Thread and Thread’s basic functions in Java
I. The basic of Java Thread
According to Java docs, here is the definition of Thread
A thread is a thread of execution in a program. The Java Virtual Machine allows an application to have multiple threads of execution running concurrently.
Actually, there is a direct mapping between a JVM thread and an OS thread. Every thread has its own priority. The more prioritized, the earlier thread’s execution be performed. We also can set priority to the thread by using
thread.setPriority(priority) note that
priority is in [1, 10]
Thread mainly have 5 state
- Created: The thread’s instance is created
- Runnable: Thread ready for running
- Running: Thread is running
- Blocked: Thread is in the blocked state.
- Terminated: Thread finishes its execution.
So how to make a thread? There are two ways to create a thread
- Extend Thread.
We can create a thread by extending the Java Thread and override the
To start the thread we call the
2. Using Runnable
Make an implementation for the
Runnable interface and then create a thread by using the default
Thread constructor with
II. Thread’s common methods
- start(): Cause the thread to begin execution
- join(): When the thread join is performed, the calling thread will go into blocked state, it remains in this state until the reference thread complete.
3. sleep(): this is a static function which causes the current thread to suspend execution for a specified period. Sleeping current thread make more time available for the processor to do other execution with other threads of current application or other application. In the above example, the thread
t1 slept in 5 seconds.
4. interrupt(): this function sends a signal to a thread that it should stop what it is doing and do something else. We can decide exactly how a thread responds to an interrupt, but normally thread will be terminated.
III. Thread Interference
There is one java multiple thread question that I sometimes ask the candidate in the interview.
What output this below program will print?
Can you guess? Yes, the answer is they can print 0, 1 and -1.
But why does it happen? That is because of interferences. Interference when two or more operations running in different threads but acting in same data, interleave. You can imagine that each operation has it own sequences of steps but it’s sequences of steps overlap with other operation’s sequences.
To understand the output of the above program, let understand the operation
count ++, it include 3 steps:
- Get the value of
- Increment the retrieved value by 1
- Store value back to
count -- the steps are the same. But instead of incrementing the retrieved value, it decrements the retrieved value.
So if the processor execute the below order of steps, we will get output is -1
t1increments retrieved value (retrieved value is 1 now)
t2decrements retrieved value (retrieved value is -1 now)
t1store retrieved value to
count(count is 1 now)
t2store retrieved value to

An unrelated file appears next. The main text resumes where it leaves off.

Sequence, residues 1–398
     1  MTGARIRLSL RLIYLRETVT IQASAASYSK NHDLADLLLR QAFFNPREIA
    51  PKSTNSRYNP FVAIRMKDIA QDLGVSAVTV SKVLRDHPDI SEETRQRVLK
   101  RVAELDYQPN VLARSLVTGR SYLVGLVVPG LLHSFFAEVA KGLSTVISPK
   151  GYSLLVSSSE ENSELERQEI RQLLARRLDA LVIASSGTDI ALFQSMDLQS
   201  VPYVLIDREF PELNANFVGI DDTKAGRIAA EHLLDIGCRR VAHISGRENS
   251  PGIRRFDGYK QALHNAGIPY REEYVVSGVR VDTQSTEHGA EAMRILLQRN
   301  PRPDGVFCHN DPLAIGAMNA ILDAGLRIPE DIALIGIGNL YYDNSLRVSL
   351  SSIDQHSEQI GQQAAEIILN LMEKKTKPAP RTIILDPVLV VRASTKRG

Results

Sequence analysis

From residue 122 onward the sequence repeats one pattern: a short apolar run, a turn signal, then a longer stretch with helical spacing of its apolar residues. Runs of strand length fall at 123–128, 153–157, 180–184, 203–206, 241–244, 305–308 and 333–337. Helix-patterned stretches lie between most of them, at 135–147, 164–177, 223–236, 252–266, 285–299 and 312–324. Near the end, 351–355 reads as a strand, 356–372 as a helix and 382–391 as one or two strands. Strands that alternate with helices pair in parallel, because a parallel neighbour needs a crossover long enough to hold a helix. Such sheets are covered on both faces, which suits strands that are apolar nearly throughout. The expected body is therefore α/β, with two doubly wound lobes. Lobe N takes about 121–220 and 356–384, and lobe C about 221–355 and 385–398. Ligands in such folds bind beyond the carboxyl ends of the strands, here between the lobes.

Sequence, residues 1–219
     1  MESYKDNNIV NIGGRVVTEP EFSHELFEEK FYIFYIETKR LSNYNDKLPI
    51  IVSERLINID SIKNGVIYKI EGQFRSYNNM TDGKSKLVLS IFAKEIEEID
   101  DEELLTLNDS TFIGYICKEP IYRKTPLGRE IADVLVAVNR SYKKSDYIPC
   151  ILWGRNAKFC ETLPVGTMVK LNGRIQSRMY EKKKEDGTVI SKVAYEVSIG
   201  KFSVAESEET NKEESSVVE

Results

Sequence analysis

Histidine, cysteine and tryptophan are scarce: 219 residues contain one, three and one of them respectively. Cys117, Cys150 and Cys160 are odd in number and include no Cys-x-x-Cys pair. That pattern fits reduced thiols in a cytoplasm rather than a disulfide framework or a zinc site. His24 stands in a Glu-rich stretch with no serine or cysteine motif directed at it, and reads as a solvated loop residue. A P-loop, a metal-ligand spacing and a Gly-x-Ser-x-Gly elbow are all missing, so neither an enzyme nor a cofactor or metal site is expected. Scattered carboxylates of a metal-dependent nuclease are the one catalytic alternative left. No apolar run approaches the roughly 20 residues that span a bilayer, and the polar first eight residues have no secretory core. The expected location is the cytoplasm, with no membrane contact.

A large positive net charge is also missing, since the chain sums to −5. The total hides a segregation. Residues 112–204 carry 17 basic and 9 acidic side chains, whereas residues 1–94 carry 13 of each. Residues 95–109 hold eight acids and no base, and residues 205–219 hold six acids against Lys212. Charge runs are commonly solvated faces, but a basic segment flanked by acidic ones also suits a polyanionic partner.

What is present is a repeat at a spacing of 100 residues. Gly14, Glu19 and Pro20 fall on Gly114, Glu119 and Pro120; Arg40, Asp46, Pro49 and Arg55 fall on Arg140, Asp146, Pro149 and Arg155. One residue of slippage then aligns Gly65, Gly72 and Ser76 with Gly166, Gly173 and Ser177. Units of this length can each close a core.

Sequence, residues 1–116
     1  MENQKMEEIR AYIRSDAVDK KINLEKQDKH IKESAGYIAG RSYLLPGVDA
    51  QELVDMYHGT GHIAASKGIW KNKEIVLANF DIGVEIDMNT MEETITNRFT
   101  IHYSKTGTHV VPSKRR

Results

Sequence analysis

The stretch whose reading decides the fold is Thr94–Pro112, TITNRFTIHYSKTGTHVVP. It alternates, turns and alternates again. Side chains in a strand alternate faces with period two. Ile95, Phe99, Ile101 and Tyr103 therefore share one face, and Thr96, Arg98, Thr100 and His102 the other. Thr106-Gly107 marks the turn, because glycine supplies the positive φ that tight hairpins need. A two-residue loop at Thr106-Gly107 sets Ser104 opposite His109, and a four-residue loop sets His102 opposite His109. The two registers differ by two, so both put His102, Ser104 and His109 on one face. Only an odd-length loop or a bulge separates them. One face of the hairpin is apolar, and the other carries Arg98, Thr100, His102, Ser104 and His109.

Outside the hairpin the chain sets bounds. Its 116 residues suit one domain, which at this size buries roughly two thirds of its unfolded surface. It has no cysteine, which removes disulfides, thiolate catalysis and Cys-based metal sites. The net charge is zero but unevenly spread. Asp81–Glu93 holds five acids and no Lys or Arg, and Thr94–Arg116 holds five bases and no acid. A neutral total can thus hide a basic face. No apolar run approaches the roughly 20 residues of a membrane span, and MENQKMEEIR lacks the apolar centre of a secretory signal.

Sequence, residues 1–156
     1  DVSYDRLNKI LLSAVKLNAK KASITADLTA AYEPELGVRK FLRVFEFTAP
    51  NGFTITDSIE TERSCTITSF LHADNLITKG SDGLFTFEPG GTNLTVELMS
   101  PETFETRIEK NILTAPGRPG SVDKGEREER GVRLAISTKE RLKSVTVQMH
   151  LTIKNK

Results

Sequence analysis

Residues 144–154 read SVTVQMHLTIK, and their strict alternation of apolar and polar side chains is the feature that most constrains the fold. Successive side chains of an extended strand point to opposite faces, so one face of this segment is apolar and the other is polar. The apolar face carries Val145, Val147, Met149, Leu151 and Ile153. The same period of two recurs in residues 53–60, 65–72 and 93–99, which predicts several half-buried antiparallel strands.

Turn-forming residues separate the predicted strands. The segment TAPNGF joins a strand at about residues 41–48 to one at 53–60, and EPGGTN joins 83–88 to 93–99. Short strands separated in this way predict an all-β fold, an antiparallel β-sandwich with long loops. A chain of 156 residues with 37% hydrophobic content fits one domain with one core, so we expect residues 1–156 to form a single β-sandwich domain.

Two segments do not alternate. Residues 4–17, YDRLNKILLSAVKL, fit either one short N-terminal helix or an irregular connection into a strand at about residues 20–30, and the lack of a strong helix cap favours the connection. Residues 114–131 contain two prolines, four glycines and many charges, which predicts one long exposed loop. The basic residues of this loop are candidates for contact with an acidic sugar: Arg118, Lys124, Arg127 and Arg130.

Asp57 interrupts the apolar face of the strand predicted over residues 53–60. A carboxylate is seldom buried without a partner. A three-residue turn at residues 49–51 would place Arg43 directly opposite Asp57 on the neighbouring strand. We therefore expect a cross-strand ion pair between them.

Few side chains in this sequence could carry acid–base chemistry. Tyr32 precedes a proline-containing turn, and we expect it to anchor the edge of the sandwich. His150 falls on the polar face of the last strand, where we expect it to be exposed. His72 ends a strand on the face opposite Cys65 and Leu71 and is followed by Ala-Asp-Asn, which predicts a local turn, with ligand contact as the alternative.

count(count is -1 now)
With different orders, we can have different results. So, how can we avoid this situation?
IV. Thread safety, multithreading.
Thread safety in java is the process to make program safe when using multi thread. How to achieve that, how can we avoid some unexpectes state? There are different ways to archive:
- Using Java synchronized keyword
JVM guarantees that when we use the
synchronized keyword, the code will be executed by only one thread at a time. Code example:
The result of the above code is:
Thread[Thread-0,5,main] counted 1
Thread[Thread-0,5,main] counted 2
Thread[Thread-0,5,main] counted 3
Thread[Thread-1,5,main] counted 1
Thread[Thread-1,5,main] counted 2
Thread[Thread-1,5,main] counted 3
When one thread enter to the
synchronized code block of an object, it will acquire look on that object. That make other threads which try to enter that synchronized code block will be blocked. And the lock only releases when the code execution is finished.
There is another way when using
synchronized, that is using
synchronized method, like the below code:
The result is exactly the same, the difference is when we use
synchronized function, it will lock the object. Here is the object is
2. Using ReetranLock
The idea is simple, when the thread calls
countTo function, firstly, it will try to acquire the
lock. If the lock is acquired by other thread, the current thread will wait until
3. Using atomic
Go back to our example of increment and decrement value. We can avoid it by using atomicInteger
The result is always 0. That is because now the code run in sequences. But why we need sleep before showing the result. Because we want to guarantee that the execution of both functions will be done before we display.
Java also provides other types of Atomic include:
4. Using Volatile
volatile, the thread will understand that it can only use the main memory, then instead of retrieving then change and put back to main memory, the thread now will do execution in the main memory, so the
count value is guaranteed that it is always up-to-date.